Supporting Imagery and Lidar in the ArcGIS platform has been around for a long time. In the ArcGIS Server Space, Image Server became available at 9.3.1. Since then it has evolved to Mosaic Datasets, Image Services, Raster Functions and now raster analytics. Now imagery is really an integral part of the ArcGIS platform. However, it is only as performant when the imagery is managed and configured optimally.
I often get asked,
- what format should I store my imagery in?,
- How many images can be in a Mosaic Dataset?
- How should I structure my imagery? and
- what is the maximum number of images per folder?
When answering these questions I have drawn on past experience and advice from Esri. Now though Esri have compiled all this information into an Excellent Centralised resource Imagery Workflows – Best Practices https://doc.arcgis.com/en/imagery/workflows/best-practices/what-are-best-practices.htm
In the Imagery formats and Performance section it details topics such as:
- File format suitability
- Recommended imagery formats
- Reformatting imagery
- Working with large mosaics
- Storage system performance
If you’re going to be managing imagery and lidar I recommend you reads these documents. They are comprehensive and invaluable. I must admit I have been doing this for 12 years now and there is information on Lidar management that I did not know about.
This is just one component of the ArcGIS Imagery Workflows documentation Esri has just produced.
ArcGIS supports LiDAR! It supports both XYZ and LAS files. It can read and display these formats as point clouds or surfaces, in both 3D and 2D. These can be viewed in ArcMap, ArcScene, ArcGIS Pro and as elevation services through ArcGIS for Server. But this is common knowledge right? ArcGIS has been able to do this since 9.3 and we all knew that right?
Well I thought this was the case. Often though it is not. Many people are today just starting to investigate the best tools for LiDAR exploitation not realising the capabilities of the ArcGIS Platform and the wealth of knowledge available to support their investigation. If you want a good place to start take a look at this web page What is LiDAR data?.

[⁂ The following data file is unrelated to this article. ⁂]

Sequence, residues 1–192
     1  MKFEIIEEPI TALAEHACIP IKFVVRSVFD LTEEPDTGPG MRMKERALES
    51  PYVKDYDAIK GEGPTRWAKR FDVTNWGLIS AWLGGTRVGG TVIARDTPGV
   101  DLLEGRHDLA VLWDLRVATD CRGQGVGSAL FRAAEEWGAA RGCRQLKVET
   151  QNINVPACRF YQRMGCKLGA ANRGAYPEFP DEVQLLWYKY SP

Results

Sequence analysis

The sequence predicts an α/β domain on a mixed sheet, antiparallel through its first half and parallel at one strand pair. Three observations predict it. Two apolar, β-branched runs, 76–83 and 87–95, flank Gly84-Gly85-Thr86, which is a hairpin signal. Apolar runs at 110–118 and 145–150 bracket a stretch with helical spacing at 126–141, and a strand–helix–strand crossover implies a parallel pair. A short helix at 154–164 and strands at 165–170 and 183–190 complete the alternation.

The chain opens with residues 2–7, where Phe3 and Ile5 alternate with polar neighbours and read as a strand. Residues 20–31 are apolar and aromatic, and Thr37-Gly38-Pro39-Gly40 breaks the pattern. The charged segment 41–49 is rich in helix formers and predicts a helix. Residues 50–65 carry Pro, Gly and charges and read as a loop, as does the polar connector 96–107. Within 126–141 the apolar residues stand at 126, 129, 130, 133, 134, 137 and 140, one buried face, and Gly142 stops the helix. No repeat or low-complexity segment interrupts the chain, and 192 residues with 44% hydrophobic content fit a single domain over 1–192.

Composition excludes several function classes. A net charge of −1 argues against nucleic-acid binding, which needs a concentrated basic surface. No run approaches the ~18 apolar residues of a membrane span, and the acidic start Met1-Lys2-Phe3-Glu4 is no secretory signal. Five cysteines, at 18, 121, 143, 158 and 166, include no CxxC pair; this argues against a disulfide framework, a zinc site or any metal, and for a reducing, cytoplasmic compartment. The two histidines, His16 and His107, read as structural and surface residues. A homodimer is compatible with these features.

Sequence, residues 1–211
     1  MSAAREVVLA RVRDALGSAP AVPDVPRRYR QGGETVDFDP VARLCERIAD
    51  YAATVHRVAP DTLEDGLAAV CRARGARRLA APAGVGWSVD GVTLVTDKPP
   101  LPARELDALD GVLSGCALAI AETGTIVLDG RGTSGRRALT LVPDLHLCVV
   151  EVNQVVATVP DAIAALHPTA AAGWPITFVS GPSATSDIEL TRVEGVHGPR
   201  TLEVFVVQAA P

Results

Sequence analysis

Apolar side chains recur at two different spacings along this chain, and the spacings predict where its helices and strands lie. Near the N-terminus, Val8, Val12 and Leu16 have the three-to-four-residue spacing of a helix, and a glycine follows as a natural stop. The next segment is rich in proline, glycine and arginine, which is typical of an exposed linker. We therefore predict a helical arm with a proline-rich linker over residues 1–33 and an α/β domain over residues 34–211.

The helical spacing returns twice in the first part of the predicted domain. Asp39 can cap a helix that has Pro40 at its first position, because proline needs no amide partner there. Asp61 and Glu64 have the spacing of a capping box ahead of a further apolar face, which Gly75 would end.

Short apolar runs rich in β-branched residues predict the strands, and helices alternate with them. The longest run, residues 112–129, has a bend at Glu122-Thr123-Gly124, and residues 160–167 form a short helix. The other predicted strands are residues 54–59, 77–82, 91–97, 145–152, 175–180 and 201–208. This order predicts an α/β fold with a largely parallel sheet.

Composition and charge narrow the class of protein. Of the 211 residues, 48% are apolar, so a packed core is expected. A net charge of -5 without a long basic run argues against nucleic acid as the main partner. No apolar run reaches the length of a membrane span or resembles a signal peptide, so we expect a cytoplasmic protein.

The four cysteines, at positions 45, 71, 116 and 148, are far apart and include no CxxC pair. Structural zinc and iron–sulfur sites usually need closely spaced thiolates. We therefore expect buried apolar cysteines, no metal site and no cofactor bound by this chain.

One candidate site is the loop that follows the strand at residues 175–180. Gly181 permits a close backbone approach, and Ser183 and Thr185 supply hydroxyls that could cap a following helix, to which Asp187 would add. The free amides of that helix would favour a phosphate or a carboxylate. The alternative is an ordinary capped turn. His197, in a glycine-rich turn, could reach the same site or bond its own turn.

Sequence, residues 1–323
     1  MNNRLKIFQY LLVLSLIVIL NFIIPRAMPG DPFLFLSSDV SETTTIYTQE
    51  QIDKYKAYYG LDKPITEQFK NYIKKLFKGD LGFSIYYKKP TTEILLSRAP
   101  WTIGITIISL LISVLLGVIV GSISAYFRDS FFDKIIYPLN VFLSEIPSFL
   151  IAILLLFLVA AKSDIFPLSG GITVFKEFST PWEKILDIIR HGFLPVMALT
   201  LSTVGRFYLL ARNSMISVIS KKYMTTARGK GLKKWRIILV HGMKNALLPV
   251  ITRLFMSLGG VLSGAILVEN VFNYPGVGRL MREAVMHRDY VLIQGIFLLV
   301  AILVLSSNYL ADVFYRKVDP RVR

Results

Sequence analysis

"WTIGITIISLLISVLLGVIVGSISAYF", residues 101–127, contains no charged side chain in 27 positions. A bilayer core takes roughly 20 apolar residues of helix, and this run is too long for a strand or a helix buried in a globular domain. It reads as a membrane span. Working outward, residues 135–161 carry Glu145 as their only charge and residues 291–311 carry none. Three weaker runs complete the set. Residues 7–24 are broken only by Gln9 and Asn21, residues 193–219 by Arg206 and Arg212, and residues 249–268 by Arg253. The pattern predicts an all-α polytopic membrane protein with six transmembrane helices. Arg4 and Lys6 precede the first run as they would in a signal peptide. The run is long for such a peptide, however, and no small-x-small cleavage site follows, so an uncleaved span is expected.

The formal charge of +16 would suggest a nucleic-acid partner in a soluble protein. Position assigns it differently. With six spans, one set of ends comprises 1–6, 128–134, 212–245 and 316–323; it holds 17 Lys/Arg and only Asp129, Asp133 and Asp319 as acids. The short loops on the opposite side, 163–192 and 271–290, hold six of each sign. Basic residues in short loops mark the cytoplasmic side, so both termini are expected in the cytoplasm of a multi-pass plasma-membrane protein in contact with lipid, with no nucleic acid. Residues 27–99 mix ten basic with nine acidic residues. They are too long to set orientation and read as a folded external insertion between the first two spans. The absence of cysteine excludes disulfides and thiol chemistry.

But let’s take a step back from the tools right now and ask yourself for what purpose do I want LiDAR data? Do I want it for flood modelling, DEM creation, building extraction or power line detection. Do I want to just differentiate between ground and non-ground or do I need it classified into buildings, trees, ground and water? The reasons for asking these questions is that the answers will dictate the order you place for LiDAR.
Imagery and remote sensing has always been one of my areas of interest in GIS. As a support analyst at Esri Australia I get a large number of imagery-related questions and I often help clients learn how to process their geospatial imagery and LiDAR data in ArcGIS.
Lidar (or Light Detection and Ranging) technology has become very popular and accessible in recent years. Because it provides high resolution elevation data, it’s now extensively used in the GIS world for mapping, spatial analysis and 3D visualization.
Although Lidar data can be used in many of the ArcGIS Desktop software, it turns out that many users are not aware of some basic workflows that can be utilized to extract raster Digital Elevation Models from their LAS point clouds in ArcGIS.
The question “how do I create a DEM from my Lidar data” is one of the most frequently asked questions when it comes to imagery related queries or support incidents. So I decided to prepare a quick overview of tools and methods that you can use to extract raster surfaces from your Lidar (*.las) files.
Below, I will outline the methods to extract the DEMs (Digital Elevation Model, also referred to as bare earth) and DSMs (Digital Surface Model, which is the first return surface which contains buildings, tree canopy etc.). Let’s get into it!!
The year 2014 has started with some seriously interesting news from Esri Inc. , and of special interest to ArcGIS Desktop users who use Lidar data in their day-to-day work.
On January 7, Esri released the new version of ArcGIS for Desktop – 10.2.1- and introduced a new image format call zLAS, which will be used to compress and optimize large collections of Lidar datasets, and which will be supported as a “direct-read” format in the new version of the software.
ArcGIS for Desktop v.10.2.1 is now available for the general public and you can login to the Customer Care Portal to download it. For those of you using ArcGIS 10.1 and 10.2 there is no need to uninstall your ArcGIS Desktop as v10.2.1 will be installed on top of your existing version.
In addition to the desktop release a new tool was released by the Imagery team which has been made available through the ArcGIS Resources website. This tool is called LAS optimizer and it can be downloaded for free here: http://www.arcgis.com/home/item.html?id=787794cdbd384261bc9bf99a860a374f
LAS Optimizer allows you to compress your LIDAR data (*.LAS), producing a set of *.zLAS files – an optimized version of the input Lidar datasets, which can be used for sharing, publishing and archiving. Continue reading
This morning I presented a session on LiDAR in ArcGIS. The focus of the session was storage, analysis and dissemination of LiDAR data.
I demonstrated just how LiDAR data can be QA checked by Using the Point Information tool, How LiDAR can be thinned using the LAS to Multipoint tool and how seamlessLiDAR data can be distributed to non GIS experts via ArcGIS Server Image Extension. Continue reading